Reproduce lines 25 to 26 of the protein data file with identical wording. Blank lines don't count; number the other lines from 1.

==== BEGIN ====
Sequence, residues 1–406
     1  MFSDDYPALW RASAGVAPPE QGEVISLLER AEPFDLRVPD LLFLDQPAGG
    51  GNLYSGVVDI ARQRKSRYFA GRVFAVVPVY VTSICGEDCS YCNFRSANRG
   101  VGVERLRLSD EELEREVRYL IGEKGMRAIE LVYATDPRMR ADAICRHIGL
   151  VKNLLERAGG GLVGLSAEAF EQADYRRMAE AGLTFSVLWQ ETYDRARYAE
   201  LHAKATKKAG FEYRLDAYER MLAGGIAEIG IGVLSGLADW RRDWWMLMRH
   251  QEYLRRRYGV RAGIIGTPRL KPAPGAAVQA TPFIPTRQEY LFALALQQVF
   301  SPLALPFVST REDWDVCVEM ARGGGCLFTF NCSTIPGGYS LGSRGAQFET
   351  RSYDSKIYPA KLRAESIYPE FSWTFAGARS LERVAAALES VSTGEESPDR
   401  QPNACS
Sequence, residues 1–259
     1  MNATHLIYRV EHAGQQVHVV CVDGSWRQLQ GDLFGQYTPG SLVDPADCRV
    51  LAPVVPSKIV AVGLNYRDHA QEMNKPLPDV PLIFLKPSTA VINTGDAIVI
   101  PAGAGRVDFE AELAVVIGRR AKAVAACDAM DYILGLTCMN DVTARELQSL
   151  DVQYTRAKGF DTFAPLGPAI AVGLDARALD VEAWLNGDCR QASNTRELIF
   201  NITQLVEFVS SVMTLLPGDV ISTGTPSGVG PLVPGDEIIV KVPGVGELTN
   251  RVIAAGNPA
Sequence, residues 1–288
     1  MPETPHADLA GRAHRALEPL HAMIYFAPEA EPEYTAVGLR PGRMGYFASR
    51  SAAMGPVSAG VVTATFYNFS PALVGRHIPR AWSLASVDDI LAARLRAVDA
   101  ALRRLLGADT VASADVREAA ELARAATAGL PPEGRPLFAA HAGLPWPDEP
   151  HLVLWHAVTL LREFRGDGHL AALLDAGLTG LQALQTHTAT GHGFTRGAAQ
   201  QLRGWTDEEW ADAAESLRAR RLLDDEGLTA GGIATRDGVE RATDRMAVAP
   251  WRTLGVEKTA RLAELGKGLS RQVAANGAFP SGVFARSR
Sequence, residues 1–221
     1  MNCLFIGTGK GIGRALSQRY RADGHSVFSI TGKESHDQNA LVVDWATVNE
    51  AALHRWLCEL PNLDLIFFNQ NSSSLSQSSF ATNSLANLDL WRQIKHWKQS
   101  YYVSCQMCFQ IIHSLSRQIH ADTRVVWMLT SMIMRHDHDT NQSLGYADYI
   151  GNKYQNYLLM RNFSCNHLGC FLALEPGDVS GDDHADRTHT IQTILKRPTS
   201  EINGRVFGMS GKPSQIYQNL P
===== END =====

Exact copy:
Sequence, residues 1–221
     1  MNCLFIGTGK GIGRALSQRY RADGHSVFSI TGKESHDQNA LVVDWATVNE